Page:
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Abdominal Mass in Children A Simplified Approach

December 13, 2017

4-year-old boy with left sided abdominal lump, which was gradually increasing in size for the last 1 month. No complaints of bowel or bladder disturbance, fever, weight loss, or abdominal pain. Child is otherwise well. Systemic examination is otherwise normal

Diagnostic approach depends on

  1. Location of Mass
  2. Organ of Origin
  3. Description of Mass

1-Location of mass:

Right upper quadrant (RUQ) contains liver, right kidney, gallbladder, colon, pancreas.

Left upper quadrant (LUQ) contains Stomach, left kidney, spleen, colon, pancreas.

Right lower quadrant (RLQ) contains Colon, appendix, small intestine, ureter, major arteries and veins to right leg.

Left lower quadrant(LLQ) contains small intestine, colon, ureter, major arteries and veins to left leg.

2-Organ of origin:

 

Organ/Site of originMalignantBenign
LiverHepatoblastoma, HCCHemangioma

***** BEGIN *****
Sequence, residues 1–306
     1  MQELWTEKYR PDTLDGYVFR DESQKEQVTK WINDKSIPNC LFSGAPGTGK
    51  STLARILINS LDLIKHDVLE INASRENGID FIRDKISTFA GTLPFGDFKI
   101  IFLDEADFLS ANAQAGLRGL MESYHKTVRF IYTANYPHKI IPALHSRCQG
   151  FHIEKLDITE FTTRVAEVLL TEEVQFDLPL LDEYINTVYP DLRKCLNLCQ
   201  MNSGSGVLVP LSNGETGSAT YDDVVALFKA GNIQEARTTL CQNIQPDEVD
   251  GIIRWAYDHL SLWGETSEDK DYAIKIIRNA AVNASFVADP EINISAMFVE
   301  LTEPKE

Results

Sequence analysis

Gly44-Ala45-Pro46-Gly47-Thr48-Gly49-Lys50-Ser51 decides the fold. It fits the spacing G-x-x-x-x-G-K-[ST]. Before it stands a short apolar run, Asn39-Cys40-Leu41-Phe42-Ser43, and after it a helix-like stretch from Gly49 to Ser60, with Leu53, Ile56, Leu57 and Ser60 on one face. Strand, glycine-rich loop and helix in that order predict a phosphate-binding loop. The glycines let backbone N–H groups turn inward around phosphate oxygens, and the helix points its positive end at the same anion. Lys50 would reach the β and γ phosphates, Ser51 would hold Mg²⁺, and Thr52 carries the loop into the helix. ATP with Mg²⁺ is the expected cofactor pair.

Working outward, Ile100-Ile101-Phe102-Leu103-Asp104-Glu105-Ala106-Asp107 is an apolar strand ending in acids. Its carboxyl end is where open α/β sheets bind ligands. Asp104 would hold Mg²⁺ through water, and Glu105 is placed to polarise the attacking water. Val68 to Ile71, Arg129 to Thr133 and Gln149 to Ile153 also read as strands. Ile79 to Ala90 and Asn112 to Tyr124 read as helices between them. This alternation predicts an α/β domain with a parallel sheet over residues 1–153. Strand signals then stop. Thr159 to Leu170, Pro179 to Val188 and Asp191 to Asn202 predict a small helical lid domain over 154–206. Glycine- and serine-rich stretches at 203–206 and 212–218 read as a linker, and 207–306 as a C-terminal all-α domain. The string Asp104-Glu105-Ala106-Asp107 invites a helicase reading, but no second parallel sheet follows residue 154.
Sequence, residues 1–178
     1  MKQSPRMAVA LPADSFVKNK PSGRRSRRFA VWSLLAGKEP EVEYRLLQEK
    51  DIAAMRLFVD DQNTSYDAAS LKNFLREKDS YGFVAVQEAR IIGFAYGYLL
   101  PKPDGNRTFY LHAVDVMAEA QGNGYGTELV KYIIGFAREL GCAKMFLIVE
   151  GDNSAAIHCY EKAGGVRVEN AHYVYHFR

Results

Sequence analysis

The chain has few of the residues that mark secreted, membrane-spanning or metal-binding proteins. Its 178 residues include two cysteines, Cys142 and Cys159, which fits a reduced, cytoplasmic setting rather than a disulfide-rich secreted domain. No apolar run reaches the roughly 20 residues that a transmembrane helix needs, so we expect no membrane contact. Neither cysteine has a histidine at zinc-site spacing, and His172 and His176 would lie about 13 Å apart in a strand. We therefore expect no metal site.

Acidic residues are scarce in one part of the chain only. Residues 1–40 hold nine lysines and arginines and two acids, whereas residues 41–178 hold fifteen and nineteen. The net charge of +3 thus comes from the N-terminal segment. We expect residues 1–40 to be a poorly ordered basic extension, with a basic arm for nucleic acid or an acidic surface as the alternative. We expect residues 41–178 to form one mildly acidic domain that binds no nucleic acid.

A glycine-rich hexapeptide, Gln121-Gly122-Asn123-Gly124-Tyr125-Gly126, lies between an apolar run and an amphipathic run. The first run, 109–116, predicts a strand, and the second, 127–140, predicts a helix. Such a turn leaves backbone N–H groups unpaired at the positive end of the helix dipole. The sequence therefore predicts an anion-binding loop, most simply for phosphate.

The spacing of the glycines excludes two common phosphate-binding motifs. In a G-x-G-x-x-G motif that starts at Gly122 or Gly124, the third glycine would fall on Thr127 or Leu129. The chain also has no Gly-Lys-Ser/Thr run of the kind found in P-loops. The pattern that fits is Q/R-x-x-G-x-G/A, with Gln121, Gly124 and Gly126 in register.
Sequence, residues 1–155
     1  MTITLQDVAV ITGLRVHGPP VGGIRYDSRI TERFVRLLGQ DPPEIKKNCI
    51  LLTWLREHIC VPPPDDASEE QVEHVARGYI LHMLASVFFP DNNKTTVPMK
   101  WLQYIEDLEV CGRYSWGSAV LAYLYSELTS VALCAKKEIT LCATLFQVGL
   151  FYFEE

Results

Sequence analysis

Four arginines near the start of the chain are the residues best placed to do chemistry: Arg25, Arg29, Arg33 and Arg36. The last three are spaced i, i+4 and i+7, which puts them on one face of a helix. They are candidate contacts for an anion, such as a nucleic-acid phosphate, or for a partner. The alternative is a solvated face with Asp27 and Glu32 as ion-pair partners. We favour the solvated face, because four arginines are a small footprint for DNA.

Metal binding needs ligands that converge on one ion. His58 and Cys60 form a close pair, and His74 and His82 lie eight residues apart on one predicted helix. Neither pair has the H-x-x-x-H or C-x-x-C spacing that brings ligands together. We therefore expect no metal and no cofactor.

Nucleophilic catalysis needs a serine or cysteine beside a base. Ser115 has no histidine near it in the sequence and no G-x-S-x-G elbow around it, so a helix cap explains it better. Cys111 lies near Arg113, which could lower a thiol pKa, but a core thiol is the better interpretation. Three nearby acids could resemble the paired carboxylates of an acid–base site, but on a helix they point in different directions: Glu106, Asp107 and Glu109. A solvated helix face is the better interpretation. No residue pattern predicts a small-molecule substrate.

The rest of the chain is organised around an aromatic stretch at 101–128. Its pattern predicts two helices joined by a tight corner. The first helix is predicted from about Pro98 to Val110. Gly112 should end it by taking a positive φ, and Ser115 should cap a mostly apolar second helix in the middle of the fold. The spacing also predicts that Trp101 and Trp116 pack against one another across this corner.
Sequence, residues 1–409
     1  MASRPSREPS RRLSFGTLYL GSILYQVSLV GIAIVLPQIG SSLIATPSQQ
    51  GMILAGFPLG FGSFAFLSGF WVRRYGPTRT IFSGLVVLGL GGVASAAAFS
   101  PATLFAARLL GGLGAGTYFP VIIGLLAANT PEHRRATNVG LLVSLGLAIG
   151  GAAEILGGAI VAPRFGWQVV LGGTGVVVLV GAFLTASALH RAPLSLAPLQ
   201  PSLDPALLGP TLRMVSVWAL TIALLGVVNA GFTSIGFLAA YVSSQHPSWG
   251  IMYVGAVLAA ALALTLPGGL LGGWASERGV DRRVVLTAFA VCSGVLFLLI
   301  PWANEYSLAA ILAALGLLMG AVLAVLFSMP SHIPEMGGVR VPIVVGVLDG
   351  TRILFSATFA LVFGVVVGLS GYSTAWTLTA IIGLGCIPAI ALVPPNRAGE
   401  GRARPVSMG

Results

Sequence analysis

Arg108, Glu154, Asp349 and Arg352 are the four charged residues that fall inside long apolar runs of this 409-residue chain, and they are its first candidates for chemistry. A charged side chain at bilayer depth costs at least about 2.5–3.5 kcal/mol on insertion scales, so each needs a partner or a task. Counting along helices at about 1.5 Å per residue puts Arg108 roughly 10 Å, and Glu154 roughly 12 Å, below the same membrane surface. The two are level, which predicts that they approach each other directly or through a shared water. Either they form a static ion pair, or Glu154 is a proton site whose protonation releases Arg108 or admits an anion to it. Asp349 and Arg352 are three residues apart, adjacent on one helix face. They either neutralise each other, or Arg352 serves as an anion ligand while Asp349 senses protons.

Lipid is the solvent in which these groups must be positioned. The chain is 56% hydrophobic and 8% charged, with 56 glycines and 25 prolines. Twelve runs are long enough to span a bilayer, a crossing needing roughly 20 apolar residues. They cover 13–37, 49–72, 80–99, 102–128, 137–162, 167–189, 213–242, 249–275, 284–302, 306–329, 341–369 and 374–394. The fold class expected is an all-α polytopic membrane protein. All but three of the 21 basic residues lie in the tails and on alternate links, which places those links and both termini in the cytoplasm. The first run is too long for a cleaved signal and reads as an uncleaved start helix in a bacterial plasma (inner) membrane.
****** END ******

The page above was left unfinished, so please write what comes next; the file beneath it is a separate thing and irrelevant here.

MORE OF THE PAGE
AdrenalNeuroblastomaAdrenal cyst/haemorrhage
KidneyWilms tumorPolycystic kidney, hydronephrosis
BowelNon-Hodgkin’s lymphomaMesenteric cyst, duplication cyst
PelivsRMS, GCT, Neuroblastoma, lymphomaOvarian cyst
RetroperitoniumNeuroblastoma, SarcomaTeratoma

Differential diagnosis:

NeuroblastomaWilms tumor
Younger age (<2 year age)Slightly older age (3-4year age)
Poorly marginatedWell circumscribed
Crosses midline more oftenLess common to cross midline
Calcification 90%Uncommon calicification:10-15%
Encases vascular structuresDisplaces adjacent structures, extends into IVC/renal vein

 

Diagnosis:

It is a case of Wilms tumor also known as nephroblastoma, it is the most common primary renal tumor of childhood. In 80% of cases, it is diagnosed before age of 5 years. Peak age of presentation is 2.5-3.5 years. Presents as painless upper abdominal mass (70-80%), haematuria (20%), hypertension (25%). It can be associated with congenital anomalies like WAGR and Beckwith Weidman syndrome. It can metastasis to lungs, liver, regional lymph nodes.

Management:

Multimodality, stage and risk adopted approach is the standard of care. It is a highly chemo and radiosensitive tumor. Surgery + Chemotherapy+/- radiotherapy forms the basis of treatment.

Underwent left radial nephrectomy and lymph node sampling, intraoperative tumor rupture

  • HPR – epithelial predominant Wilms tumor, St III
  • Completed radiotherapy and adjuvant chemotherapy 3 drugs for 24 weeks; Vincristine, actinomycin D, adriamycin
  • Doing well at present

Authored By – Dr Anand Kumar K (MD Pediatrics),Consultant, Pediatric Hematologist, Oncologist and BMT physician, Fortis Hospital, Bannerghatta road, Bengaluru.


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